Love in the Linden Trees

Growing up, we used to have a big linden tree right by our gate. It sometimes interfered with the perpendicularity of the fence, or with the flatness of the sidewalk around it, but I loved that tree.

I was reminded of it this week every time I was cycling in and out of our neighbourhood. The stretch of bike lane leading into and out of our wijk, as we call it here, has smallish linden trees on either side. And with the trademark wind of The Netherlands, the smell of the flowers is everywhere. A few days ago I biked just after a rain shower and it felt like going through linden tea. And just like clockwork, I realised it was mid June.

For me it’s not madeleines, it’s definitely linden tea. The smell of linden is forever linked to the baccalaureate exam. Every year, the blooming of the linden flowers coincided with this exam, and the beginning of summer holidays. I looked forward to it every time, except for the year when I was supposed to take the baccalaureate myself. That year, the smell of linden brought panic.

Ever since I’ve left my home country I have been complaining about the weather. Too much rain, too much wind, not enough sun, too little warmth, ridiculously low quantities of snow. Everything was wrong! I remember the four seasons of my childhood, proper winter with enough snow to make igloos in our garden; springs with an abundance of flowers and lush green; sunny summers with all its aromatic fruit, and the St Ilie storm; colourful autumns with mild afternoons and the smell of apples, pears and quinces. There was a natural milestone for everything, moments that marked the passing of time, the beginning of seasons, the arrival of harvests, and each and every such moment was correlated with a milestone in the human life too: school, holidays, canning & jamming, preparations for different celebrations, the celebrations themselves, and so many more. Everything made sense, and I was always aware of where I was in time. It is not just that I have moved up north within Europe, and westwards, making the weather different than the one I grew up with. It is not just that people here have different milestones that I have yet to get accustomed to. But the weather where I grew up is no longer the same either. And I fear it never will be again.

I am truly lost in time. In my head not only am I still in my early twenties, but it is also continuously the blurred time between winter and spring. That’s the time when you’re not sure whether you should take your winter coat and boots, or summer jacket and a cap. You choose the wrong one many times. Or it turns out you actually need both in the same day, so you’re ill prepared whatever you have chosen. That’s a confusing time to be stuck in.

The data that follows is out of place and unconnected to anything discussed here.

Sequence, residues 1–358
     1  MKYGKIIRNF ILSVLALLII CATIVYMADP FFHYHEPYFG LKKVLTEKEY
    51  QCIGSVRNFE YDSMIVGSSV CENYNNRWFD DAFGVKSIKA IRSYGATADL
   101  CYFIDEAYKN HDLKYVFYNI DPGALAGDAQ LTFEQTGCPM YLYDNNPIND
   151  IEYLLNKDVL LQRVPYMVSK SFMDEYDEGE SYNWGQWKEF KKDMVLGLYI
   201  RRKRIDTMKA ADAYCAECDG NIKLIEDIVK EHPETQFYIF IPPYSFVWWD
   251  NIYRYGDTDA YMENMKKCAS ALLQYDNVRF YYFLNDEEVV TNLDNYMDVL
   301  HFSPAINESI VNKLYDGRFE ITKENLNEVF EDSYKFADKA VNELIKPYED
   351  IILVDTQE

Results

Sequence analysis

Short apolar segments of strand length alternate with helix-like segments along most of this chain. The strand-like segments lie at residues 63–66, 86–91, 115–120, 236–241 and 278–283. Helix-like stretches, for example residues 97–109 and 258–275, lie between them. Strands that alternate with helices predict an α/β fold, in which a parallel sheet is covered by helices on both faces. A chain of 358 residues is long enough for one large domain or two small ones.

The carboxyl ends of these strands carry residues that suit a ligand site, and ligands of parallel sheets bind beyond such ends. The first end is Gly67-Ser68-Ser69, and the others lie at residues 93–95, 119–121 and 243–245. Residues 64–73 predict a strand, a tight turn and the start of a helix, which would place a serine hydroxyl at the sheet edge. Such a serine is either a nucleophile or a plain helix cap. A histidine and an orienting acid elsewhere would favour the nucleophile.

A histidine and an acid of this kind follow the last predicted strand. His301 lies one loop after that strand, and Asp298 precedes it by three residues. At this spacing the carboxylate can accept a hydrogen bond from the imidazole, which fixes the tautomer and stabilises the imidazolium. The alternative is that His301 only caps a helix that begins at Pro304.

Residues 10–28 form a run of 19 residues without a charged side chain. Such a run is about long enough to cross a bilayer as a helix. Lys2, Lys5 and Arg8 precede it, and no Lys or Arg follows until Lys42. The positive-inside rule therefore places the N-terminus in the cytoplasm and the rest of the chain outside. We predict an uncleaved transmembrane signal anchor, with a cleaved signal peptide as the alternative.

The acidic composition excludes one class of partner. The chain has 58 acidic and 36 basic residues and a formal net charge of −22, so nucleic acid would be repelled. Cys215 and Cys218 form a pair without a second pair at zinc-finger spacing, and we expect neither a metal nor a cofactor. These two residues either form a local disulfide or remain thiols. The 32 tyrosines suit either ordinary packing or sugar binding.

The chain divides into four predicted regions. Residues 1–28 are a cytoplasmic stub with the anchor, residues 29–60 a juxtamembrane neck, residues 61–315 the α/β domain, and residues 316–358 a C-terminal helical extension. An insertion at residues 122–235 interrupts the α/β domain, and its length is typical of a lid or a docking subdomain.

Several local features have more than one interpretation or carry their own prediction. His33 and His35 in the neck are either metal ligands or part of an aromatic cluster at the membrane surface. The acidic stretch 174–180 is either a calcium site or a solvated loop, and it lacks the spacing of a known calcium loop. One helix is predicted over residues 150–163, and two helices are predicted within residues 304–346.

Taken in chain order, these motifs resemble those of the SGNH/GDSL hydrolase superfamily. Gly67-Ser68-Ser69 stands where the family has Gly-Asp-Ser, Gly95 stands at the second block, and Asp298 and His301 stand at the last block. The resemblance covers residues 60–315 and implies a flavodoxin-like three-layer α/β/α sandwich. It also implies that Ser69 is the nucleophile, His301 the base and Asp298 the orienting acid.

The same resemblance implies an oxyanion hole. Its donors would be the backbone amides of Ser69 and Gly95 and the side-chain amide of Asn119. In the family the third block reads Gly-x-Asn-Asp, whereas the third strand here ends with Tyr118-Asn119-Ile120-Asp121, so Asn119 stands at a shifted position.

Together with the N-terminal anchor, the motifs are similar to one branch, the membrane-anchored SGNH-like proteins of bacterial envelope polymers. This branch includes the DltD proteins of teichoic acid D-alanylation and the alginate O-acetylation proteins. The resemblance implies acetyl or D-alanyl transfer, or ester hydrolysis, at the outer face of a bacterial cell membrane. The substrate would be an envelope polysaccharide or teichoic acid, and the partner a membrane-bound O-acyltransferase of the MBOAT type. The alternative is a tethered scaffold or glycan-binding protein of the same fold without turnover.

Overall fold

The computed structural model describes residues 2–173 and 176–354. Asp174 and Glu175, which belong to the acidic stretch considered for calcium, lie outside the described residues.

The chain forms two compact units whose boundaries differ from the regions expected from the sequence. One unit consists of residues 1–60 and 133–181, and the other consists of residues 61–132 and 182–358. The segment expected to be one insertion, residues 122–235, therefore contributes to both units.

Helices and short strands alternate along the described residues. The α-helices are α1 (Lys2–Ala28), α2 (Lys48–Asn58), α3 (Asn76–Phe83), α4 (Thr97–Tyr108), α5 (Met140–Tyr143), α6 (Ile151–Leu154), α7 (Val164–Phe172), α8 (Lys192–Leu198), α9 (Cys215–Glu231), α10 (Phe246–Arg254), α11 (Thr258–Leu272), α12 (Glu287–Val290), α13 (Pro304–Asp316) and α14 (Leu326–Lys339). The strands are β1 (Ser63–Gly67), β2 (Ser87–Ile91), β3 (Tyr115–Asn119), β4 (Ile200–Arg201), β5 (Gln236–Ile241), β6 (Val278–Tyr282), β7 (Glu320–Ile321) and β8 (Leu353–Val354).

I am not sure who else is stuck there with me, or how many people realise that they are. But you may find one the following somewhat familiar: holidays like Christmas and the rest creep up on you almost with no notice whatsoever, despite (or maybe because of?) the months and months of commercial bombardments; you missed your chance to spend the day outside in the sun and now it’s cold and miserable again; you have no idea what fruit and vegetables are in season; you look outside and can’t tell whether it is summer or winter; you look at the calendar and wonder how you got there.

Us nostalgic people talking about what it was like when we were small are both delusional and right at the same time. The past is always distorted by the way we remember it, for better or worse. It is also a lot more idyllic when it refers to our childhood. But the disappearance of spring and autumn is a sad reality. The fact that we have stopped eating with the seasons (and working our buts off to preserve for the unfruitful seasons) is true. We pay a very high price for our current food expectations: overabundant, taste-enhanced, close to no preparation time, freshly-ripened no matter what month it is. This is not just about nostalgia anymore, it’s a scary perspective for the future. If so much has changed since I was a kid, how much more will change before I reach middle age?

Probably much, much more. To say that I am worried is an understatement. I won’t go into all the apocalypse scenarios I have been reading about (seriously though, read “The Uninhabitable Earth”, it brings nightmares to life, and puts a well-deserved black mirror in front of us), I don’t think I am ready to truly face them yet. But I have realised that my linden-moments may very well become rarer in the future. Will linden trees still bloom every mid June in 30 years? You have no idea how much I hope they will…

2 Comments Add yours

  1. This is so lovely–and melancholy–and really made me think, this morning. Funny how something as simple as the fact that we can get strawberries in the grocery store in mid-winter messes with our heads, our sense of seasons, our appreciation for food, for all of it! It is really a shame. I also miss the place where I grew up, for its four distinct seasons. The one thing we do know that steadies me in time and place is grow a veggie garden. It’s my husband’s baby, and he gets a lot of pleasure out of it; for me, it’s a good reminder of what we should be eating when. We’re on kohlrabi and chard and kale now! And it makes me less reliant on the grocery store, which means I drive less in the summer, which means I appreciate our place and the nature around us more. It’s all connected. Thanks for a lovely post!

    Liked by 1 person

    1. Metis says:

      Thank you! I do envy you for your garden. This has always been a dream of mine, but I have no idea where to start, I don’t know anything about growing vegetables. But you are right, a garden is so much more than just a patch of dirt that produces food (which is a lot already), it does give you something firm to hold on to in time.

      Liked by 2 people

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